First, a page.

A rendering of the Park Over Georgia 400.

By John Ruch

Planning for a park over Georgia 400 will move forward after a 4-2 vote of the Buckhead Community Improvement District board on Oct. 5, an approval that came amid concerns from major hotels and malls about possible higher business taxes and “conflict of interest.”

In addition, planning for the park will merge into the public process for a recently begun update of Buckhead’s master plan, now renamed “Buckhead Redefined.” The first public meeting for that plan, which is technically an Atlanta Regional Commission Livable Centers Initiative process, is slated for Oct. 17 at a time and location to be announced.

The Buckhead CID, a self-taxing business district, proposed the park over 400 more than a year ago. Last month, it unveiled a design for a 9-acre, half-mile-long park built atop a bridge-like structure over Ga. 400 between Lenox and Peachtree roads, with a roughly estimated cost of $195 million to $245 million.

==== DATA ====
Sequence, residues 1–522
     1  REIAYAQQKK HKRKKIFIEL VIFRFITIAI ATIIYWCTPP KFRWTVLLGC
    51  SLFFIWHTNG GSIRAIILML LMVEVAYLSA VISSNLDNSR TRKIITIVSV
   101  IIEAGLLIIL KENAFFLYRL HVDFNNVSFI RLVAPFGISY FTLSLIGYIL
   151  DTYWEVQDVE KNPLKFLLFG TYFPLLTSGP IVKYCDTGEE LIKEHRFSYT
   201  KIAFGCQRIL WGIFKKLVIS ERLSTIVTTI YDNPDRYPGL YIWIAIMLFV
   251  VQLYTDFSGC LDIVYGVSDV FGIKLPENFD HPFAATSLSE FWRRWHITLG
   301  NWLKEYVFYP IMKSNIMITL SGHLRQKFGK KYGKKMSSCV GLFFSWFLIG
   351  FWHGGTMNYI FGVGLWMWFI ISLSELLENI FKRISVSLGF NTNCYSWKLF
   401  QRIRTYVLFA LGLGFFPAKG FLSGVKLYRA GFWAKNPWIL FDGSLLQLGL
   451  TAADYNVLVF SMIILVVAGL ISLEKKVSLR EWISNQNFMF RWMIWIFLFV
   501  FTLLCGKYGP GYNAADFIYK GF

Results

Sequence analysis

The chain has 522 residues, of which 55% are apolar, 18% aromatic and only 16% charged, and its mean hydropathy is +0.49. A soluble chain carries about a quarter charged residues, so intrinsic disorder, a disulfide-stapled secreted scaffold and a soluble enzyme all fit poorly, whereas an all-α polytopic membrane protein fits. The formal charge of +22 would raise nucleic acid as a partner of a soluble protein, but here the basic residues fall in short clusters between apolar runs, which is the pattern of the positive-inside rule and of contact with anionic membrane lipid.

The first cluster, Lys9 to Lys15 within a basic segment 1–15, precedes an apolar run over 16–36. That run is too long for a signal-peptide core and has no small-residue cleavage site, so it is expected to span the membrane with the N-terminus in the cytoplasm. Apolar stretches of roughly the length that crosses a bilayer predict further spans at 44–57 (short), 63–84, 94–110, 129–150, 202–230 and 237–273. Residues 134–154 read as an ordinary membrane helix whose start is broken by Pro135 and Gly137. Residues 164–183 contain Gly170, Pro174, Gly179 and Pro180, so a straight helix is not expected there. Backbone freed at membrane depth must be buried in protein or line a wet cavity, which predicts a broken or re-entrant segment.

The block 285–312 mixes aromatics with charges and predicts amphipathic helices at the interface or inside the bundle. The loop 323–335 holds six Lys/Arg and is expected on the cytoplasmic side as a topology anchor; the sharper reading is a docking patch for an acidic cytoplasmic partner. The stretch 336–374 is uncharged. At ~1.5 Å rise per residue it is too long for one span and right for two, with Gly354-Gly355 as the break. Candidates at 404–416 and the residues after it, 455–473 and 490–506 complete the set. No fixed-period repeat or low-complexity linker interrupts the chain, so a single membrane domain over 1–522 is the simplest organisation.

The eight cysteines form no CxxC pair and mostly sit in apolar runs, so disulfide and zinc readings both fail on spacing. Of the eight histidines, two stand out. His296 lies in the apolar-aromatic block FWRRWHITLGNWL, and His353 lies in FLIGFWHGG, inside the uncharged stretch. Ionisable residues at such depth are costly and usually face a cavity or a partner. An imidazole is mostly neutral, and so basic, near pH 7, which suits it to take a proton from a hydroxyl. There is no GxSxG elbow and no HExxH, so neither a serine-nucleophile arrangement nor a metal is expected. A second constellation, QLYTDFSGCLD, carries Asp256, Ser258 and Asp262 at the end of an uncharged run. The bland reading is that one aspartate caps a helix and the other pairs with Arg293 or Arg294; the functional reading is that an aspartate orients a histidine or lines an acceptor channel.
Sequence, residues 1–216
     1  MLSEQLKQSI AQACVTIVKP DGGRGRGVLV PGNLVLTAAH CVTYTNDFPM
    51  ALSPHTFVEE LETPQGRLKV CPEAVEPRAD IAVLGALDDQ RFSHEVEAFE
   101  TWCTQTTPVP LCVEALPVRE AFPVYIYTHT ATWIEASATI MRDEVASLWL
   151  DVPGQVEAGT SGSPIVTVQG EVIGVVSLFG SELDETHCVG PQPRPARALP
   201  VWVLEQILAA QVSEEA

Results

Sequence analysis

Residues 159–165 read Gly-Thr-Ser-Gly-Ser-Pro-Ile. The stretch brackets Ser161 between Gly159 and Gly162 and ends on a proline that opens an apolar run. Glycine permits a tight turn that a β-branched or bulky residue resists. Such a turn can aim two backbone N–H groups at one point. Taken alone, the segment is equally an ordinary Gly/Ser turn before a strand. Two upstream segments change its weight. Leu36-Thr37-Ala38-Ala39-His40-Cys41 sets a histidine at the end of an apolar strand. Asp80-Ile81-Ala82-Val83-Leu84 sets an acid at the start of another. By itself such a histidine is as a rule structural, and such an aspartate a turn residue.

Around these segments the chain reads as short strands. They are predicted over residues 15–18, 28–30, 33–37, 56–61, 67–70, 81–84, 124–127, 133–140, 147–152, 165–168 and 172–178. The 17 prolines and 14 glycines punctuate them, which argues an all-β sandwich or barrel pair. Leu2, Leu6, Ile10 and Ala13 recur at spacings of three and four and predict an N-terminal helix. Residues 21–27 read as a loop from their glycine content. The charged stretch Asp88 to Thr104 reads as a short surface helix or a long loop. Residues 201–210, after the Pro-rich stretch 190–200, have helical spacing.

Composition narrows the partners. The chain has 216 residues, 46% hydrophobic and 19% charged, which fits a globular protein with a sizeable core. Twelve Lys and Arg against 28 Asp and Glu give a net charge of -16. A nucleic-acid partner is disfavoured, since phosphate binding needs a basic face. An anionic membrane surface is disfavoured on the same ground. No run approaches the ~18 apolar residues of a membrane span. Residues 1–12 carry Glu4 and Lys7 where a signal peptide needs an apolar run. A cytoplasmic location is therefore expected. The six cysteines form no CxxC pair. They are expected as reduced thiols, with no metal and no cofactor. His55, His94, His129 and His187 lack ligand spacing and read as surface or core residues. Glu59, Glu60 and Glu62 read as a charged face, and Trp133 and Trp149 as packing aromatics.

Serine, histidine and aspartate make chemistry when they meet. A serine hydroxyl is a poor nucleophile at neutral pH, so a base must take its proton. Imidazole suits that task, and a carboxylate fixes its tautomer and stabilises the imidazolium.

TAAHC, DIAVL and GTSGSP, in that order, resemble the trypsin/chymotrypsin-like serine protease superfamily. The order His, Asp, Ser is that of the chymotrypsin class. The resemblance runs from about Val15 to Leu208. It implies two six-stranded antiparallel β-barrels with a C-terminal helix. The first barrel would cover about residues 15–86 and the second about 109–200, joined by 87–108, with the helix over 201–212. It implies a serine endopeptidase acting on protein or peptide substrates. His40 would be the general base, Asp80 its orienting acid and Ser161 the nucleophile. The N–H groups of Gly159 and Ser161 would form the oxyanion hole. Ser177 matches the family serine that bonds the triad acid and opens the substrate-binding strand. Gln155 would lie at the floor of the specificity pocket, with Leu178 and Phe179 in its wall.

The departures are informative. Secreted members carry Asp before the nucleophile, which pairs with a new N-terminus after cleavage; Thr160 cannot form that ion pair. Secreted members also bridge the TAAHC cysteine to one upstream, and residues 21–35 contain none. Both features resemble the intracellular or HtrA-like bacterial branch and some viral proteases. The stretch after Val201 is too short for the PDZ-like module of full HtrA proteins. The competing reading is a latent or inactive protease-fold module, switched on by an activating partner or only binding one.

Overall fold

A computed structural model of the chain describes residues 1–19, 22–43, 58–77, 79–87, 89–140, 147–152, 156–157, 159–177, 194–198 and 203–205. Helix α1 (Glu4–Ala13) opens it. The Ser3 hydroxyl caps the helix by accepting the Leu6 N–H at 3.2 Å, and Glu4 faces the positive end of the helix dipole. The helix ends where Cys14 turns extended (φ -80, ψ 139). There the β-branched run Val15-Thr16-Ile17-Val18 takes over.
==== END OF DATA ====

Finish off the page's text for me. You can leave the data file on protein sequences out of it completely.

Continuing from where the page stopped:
The CID’s Oct. 5 vote authorized spending up to $340,000 for 16 weeks of further study of such issues as funding sources, traffic impacts and economic benefits. The vote does not authorize the park to be built at this point. But, like every previous board vote on the park concept, there was significant opposition from some members on costs and whether it is an appropriate project for the CID.

Board member Robin Suggs of Simon Property Group voiced some of the strongest opposition on behalf of her company’s Lenox Square and Phipps Plaza malls. She read a statement calling the park planning a “slippery slope” to higher taxes and a “distraction [from] more pressing needs.”

She also called for a vote of the entire CID membership, not just the board. Some board members own property abutting the proposed park, which is project to boost property values. That is a situation, Suggs said, “which we believe constitutes a conflict of interest…”

“Right now, everyone’s enamored with the idea of the park. Who isn’t?” Suggs said after the meeting. “But when it comes down to it, there’s going to be a tax.”

Read the rest of this story at Reporter Newspapers.

Collin Kelley

Collin Kelley has been the editor of Atlanta Intown for two decades and has been a journalist and freelance writer for 35 years. He’s also an award-winning poet and novelist.

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